Protected trees

Tree preservation orders

There are more than 400 tree preservation orders protecting thousands of trees in the borough of Swindon.

A Tree Preservation Order (TPO) is an order made by the council to protect specific trees, groups of trees or woodlands in the interests of amenity.

Without the council’s written consent, an order prohibits the following:

  • cutting down
  • topping
  • lopping
  • uprooting
  • wilful damage
  • wilful destruction

Trees in conservation areas

All trees that are located in a Conservation Area are protected if they have a stem diameter greater than 75mm, when measured at a height of 1.5m above ground.

The same tree works listed above are prohibited without the submission of a prior notification.

How to find out if a tree is protected

To find if a tree is protected, you can take a look at our online map. Conservation Areas can also be overlaid by selecting ‘Conservation Areas EN10’ from the Local Plan category.

You must give notice and complete an application form if you plan to carry out any works to trees or woodland covered by a Tree Preservation Order.

Consent is not required when a tree is immediately dangerous or dead, however you should be prepared to give us five days notice or prove that the works fall within an exemption.

It is a criminal offence to undertake work to a protected tree without authorisation and anyone found guilty of these offences is liable, if convicted in the magistrates’ court, to a fine of up to £20,000.

In serious cases a person may be committed for trial in the Crown Court and, if convicted, is liable to an unlimited fine.

How to apply

If you plan to carry out any works to trees, hedges or woodlands covered by a Tree Preservation Order or located within a Conservation Area, you must give us notice by completing the online form on the Planning Portal.

How to obtain a copy of a TPO

A copy of a specific TPO can be purchased for a fee of £24.00 per copy by completing the online request form on the copies and charges page.

You can also contact us to inspect a TPO free of charge at the council offices, by prior arrangement. E-mail: and include the location or reference number.

Other statutory tree controls

Planning conditions

Trees and landscape issues can also be subject to conditions attached to planning permission. These can require that a certain tree or trees are retained and safeguarded. This is particularly useful during the construction process when trees and other vegetation are especially vulnerable.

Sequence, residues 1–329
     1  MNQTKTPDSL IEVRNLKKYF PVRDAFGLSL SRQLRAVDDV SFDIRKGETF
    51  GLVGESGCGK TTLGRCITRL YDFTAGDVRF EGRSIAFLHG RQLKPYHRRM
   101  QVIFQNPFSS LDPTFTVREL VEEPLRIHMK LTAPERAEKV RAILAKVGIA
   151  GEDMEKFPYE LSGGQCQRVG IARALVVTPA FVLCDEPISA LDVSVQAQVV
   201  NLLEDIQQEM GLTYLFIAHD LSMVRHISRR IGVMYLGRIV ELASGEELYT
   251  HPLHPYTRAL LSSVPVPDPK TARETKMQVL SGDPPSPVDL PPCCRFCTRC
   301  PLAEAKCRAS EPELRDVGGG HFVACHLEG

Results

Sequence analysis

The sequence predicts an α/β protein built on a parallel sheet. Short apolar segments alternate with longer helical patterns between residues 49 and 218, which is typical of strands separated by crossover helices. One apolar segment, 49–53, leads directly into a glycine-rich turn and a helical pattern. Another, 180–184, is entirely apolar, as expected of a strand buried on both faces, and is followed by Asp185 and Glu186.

You can check if any planning conditions affect trees or hedges via the planning public access system.

Felling licence

Felling of trees not subject to a TPO or within a Conservation Area may still require a felling licence to be issued by the Forestry Commission. It is an offence to fell trees without a licence if an exemption does not apply.  

There are exceptions that apply to a maximum volume of timber (5m3), trees standing in a garden, churchyard, public open space or an orchard.  

For more information and advice, go to GOV.UK - tree felling overview.


It is against the law to remove most countryside hedgerows without permission. Hedgerows that are shorter than 20 metres, or that are in or border a garden, may not need consent to be removed.

For more information and advice, go to GOV.UK - countryside hedgerows regulation and management.  

Nesting birds

You must not do any work which might harm nesting birds or destroy their nests. You will usually find nesting birds during the main nesting and breeding season from 1 March to 31 August.  Breaches of the Wildlife and Countryside Act are enforced by the Police and further information can be found on the wildlife crime website.

Advice and support

For enquires relating to Tree Preservation Orders and Trees in Conservation Areas, e-mail:

Help us to improve this website

Use this form to provide feedback on this webpage. Don't use it to contact us about a service or make a complaint. We will not reply, even if you include personal details such as your name and address. If you want us to reply, you should contact us in a different way.

What is your feedback for this webpage?

Give feedback about this page